Image bm744.GIF Driver
Settings
 
The driver element decides, which driver of an active interface should be used to operate the 3D graphics. By setting its value to 1 through 6 the driver will be used according to the table below. By setting its value to 0 an automatically detected driver will be used. The driver selected is used to initialize the 3D mode by the 3D graphics window command. If the 3D window is not active or if the desired driver has not been found, the element will return the 0. Otherwise the number of the active driver is returned. The driver can be changed even after the 3D window has been activated. A driver can by changed automatically, too, after switching over the full screen mode or after changing the active Windows videomode.
 
Supported drivers:
 
1 HAL (hardware)
2 TnLHal (hardware with transformation and lighting module)
3 REF (reference)
4 RGB (software)
5 MMX (software with the MMX instructions)
6 Ramp (software with MONO lighting, without textures)
 
Driver comparison:
 
The HAL driver is a driver utilizing the hardware support of the videocard. It is the only driver supported in the OpenGL interface. The DirectX 7 interface supports another variation, the TnLHal (The lighting and the transformations of the vertices are implemented by the hardware). In higher DirectX versions this variation is automatically integrated with the HAL driver.
 
The REF driver is a reference driver using no hardware support. It serves as a comparing driver when developing the hardware driver of the videocard. Because of his low speed it is not suitable for practical use.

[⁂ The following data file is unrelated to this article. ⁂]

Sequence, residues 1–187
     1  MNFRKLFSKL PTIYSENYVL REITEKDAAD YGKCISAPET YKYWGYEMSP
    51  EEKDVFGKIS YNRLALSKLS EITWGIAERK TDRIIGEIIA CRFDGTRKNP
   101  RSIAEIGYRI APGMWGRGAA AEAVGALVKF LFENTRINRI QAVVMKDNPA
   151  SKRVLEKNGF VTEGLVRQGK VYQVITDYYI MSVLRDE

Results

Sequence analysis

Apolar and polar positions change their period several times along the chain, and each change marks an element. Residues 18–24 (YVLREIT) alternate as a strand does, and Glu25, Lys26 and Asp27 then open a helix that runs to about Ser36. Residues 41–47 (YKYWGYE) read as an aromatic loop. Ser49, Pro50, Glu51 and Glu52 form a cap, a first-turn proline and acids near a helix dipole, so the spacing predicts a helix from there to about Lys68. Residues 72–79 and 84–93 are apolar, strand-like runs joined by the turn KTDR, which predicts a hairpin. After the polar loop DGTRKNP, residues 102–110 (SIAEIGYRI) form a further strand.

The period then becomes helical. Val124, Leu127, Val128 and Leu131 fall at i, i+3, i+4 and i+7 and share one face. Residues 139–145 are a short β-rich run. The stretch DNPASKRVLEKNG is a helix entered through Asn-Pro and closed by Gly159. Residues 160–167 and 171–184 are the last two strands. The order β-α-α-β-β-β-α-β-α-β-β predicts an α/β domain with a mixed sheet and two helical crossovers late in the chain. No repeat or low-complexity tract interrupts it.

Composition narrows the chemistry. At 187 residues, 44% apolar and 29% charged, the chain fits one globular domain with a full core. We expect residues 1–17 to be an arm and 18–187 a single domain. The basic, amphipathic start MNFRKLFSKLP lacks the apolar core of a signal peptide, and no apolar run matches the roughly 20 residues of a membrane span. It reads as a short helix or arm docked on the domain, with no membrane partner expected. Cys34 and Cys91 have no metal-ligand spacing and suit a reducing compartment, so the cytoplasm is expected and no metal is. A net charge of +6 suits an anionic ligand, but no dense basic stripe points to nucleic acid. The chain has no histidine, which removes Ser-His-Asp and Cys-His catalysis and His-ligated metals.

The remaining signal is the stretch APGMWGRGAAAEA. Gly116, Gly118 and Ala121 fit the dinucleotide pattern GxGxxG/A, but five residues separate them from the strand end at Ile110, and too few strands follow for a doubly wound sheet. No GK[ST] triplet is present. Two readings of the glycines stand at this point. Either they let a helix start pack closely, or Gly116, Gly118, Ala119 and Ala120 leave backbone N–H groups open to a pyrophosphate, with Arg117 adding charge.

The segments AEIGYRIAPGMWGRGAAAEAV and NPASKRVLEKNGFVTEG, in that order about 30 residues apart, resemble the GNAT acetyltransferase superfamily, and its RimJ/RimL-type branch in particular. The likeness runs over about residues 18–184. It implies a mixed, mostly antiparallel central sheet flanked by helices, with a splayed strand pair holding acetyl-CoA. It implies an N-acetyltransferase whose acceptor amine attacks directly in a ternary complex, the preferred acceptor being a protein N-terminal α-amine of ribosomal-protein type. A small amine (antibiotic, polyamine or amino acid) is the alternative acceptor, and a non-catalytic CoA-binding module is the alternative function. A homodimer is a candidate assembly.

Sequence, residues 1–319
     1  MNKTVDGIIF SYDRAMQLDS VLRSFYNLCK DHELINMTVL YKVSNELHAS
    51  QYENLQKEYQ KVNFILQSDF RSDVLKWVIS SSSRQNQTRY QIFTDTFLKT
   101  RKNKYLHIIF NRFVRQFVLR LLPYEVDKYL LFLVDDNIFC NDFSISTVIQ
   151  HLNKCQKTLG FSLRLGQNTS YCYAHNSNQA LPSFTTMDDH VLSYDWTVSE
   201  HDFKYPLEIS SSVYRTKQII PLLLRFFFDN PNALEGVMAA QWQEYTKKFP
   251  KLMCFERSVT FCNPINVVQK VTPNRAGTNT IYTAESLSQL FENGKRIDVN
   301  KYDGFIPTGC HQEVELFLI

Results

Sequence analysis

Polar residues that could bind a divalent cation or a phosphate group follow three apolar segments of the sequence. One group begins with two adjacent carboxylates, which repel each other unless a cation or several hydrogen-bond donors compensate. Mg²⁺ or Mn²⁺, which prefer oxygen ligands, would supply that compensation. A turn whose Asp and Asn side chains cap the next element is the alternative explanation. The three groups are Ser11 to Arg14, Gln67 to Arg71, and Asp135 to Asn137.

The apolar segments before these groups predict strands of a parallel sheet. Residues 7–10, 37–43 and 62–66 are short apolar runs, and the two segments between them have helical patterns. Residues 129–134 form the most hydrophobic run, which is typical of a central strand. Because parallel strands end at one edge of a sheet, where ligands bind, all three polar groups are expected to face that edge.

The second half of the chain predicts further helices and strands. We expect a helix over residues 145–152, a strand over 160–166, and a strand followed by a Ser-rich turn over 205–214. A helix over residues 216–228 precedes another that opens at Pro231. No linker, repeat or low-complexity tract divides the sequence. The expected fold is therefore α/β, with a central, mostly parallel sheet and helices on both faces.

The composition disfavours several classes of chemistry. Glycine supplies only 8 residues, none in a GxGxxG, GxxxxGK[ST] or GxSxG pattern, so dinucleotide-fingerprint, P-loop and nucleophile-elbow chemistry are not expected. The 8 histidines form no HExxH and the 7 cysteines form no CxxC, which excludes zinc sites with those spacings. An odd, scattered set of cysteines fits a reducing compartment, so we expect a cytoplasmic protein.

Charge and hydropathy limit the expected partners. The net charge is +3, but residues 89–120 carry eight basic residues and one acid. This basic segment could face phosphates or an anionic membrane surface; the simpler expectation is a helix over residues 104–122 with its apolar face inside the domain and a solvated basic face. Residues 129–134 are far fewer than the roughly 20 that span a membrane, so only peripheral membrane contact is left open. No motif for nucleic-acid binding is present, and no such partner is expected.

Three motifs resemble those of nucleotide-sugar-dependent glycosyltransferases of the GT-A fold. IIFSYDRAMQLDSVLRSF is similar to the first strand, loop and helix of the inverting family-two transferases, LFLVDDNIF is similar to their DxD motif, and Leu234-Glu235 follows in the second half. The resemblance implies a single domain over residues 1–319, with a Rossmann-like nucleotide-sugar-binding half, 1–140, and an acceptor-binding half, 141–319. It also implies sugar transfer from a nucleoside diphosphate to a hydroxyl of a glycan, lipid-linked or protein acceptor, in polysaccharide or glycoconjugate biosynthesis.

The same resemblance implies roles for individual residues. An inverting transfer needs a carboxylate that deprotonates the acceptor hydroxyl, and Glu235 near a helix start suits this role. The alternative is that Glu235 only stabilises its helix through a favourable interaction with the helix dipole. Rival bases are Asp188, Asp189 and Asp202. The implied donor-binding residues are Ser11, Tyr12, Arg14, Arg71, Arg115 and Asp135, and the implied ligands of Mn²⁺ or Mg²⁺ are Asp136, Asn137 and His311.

The RGB and MMX drivers are software drivers. Some operations are carried out in a simplified manner or they partly use the hardware. They are of use in case of incorrect functionality of the hardware driver, or when the videocard does not support the hardware acceleration. An advantage is the possibility of using multitextures in videocards that do not support this feature. The MMX driver uses the processorís MMX instructions; it is supported in the DirectX 6 and 7 only. The RGB and MMX drivers in the DirectX 3 through 6 support the videomode of 256 colors. This videomode is no more supported by the DirectX 7 interface and its higher versions.
 
The Ramp driver is a software driver using a simplified lighting operation (This is a mono lighting, only the blue component being used.). In Peterís environment this driver is utilized in a simplified manner, without textures. Thus a high driver speed can be reached, owing to which the driver can serve as an lack driver if no hardware acceleration of the videocard is available, and other software drivers operate too slowly.

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